Making Organizations Awesome

Leadership lessons from a motivational listener

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Offer to lead, even when you’re not sure

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I took some time over the December holidays to immerse myself in Twitter, start this blog, and generally soak in the Palmolive of social web 2.0-ness or whatever it’s called. (How old does someone have to be to get a Palmolive reference anyway?)

My primary motivations have been curiosity and fun. I’m experimenting with giving those two forces a more important place at my decision-making table.  As a result of my online explorations and conversations, I have now offered to lead two processes that I don’t know very much about.

I expect to learn a lot and meet some great people. And probably make some mistakes along the way. Stepping up to lead amidst ambiguity felt like a chance to take some of the advice I’m always giving my clients. And a chance to embody the coaching of my best mentor, Richard Strozzi Heckler, who advises his clients to make bold offers.

Offer #1 – Leading a session at BILConference. I’ve always wanted to go to an Open Space or “unconference” event. The attendees are the presenters, and anyone can propose a session on anything. After that people vote on the sessions or just go to the ones that sound interesting.

Most of the other presentations are about interesting technologies to improve human sustainability on our little planet (handy idea, right?), or about the future of technology itself. Into this heady mix I have profered the following:

Oh yeah, it’s the People – The Key Ingredient to Making Stuff Happen

Have you ever seen an awesome idea die because the people working on it couldn’t get along? Or maybe they couldn’t influence those who were supposed to benefit from using their idea, so nothing changed and the status quo just dragged on and on?

Or maybe you work somewhere that frustrates the daylights out of you because it COULD be so fantastic, but people go all knuckle-headed when they get into a group meeting or a personal disagreement. It’s like the normally sane, cool people we know outside of work transform into some mentally/emotionally amputated version of themselves at work.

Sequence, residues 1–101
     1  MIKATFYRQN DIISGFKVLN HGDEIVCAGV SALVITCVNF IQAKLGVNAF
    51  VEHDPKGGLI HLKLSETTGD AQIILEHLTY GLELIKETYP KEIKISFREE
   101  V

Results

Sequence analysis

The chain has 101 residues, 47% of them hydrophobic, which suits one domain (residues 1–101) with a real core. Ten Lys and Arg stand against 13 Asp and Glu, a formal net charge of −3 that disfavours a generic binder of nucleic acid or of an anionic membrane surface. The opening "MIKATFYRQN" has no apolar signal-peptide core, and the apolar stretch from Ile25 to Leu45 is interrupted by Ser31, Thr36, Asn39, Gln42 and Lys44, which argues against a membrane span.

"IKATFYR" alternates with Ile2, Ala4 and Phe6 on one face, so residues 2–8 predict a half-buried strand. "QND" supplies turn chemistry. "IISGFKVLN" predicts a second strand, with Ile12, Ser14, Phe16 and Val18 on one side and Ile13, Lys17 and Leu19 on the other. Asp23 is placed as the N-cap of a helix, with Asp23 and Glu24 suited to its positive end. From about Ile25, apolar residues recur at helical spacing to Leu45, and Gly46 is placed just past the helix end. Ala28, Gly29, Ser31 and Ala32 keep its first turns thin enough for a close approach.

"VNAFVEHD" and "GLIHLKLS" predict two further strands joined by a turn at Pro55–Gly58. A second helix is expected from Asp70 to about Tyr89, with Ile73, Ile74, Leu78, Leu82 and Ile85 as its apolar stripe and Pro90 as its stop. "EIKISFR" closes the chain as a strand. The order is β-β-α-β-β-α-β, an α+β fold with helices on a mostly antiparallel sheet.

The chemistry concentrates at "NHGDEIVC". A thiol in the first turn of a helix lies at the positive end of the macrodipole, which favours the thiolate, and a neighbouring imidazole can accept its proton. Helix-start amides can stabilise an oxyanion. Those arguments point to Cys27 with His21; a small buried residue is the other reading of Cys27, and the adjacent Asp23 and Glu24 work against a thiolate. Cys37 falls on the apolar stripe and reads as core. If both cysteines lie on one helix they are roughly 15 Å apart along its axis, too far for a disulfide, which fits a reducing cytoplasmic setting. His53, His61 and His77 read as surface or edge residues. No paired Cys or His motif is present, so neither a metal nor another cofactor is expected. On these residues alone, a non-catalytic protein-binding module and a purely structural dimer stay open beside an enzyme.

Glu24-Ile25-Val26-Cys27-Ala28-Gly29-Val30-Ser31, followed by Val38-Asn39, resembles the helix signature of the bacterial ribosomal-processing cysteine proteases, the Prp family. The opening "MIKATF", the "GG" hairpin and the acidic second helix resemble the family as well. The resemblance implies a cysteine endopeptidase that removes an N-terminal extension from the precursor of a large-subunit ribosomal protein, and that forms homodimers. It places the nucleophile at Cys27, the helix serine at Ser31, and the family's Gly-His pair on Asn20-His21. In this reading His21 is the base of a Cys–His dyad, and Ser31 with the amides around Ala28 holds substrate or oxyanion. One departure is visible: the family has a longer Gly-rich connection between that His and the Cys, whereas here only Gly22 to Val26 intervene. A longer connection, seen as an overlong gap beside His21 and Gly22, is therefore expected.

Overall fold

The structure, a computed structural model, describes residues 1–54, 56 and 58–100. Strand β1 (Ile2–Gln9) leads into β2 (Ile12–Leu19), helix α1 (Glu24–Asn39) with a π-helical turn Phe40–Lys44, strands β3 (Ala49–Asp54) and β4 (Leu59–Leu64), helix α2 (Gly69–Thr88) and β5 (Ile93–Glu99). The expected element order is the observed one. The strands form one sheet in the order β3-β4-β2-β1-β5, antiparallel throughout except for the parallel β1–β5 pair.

This fascinates me. And frustrates me. And motivates me. I think one of the biggest bottlenecks to making a better world happen is the way we relate to each other 1-1 and in small groups. Whether you want to fix the organization you work in, be more effective in swaying people to get behind your great idea, or just laugh at how preposterously insane we can be when we have to deal with Those Damned Other People Who Are Doin It Wrong, I hope you’ll join me and others for this session.

[Newsflash: Somebody signed up to participate in the session! Please join me in a short round of gleeful jumping up and down.]

Offer #2

Some fantastic people have dreamt up “Twestivals,” a worldwide series of events on the same day to bring Twitter users together and raise money for a charity. I am not sure exactly what happens at a Twestival. But it sounds fun. So I signed up to lead preparation for the one in the small town where I live, Los Angeles. I am not really sure what that will entail. I don’t know what happens at these events, how long they last, or, really, anything more about them than the introductory sentence in this paragraph.

Most of my career I have been a coach and consultant. On the rare occasions where I am leading a team, the results have been better in recent years but I’m still haunted by the embarassing controlling tendencies that I had when I lead teams of volunteers in college.

I’m not really sure what “leadership” will look like for a Twestival. Do the kind of people who create and attend a Twestival want leaders, or will I be a lightening rod for everyone’s authority issues? How can I strike the balance between enough initiative and direction to be helpful combined with enough openness and humility to let leadership emerge from many according to what makes sense? (Ugh, even that way I put that sounds so horribly pretentious :/ The grandiose part of me is already measuring the drapes in the Twestival L.A. Palace, I can’t hide it!)

Anyway, we shall see. As I say, I’m forever advising my clients to take risks and be willing to fail in the pursuit of something worthy. And if there is anything worthy that I have discovered from spending way too much time on Twitter over the holidays, it is that a new movement of authenticity and “doing stuff for ourselves” is a-rising. I figured it might be fun to muck in.

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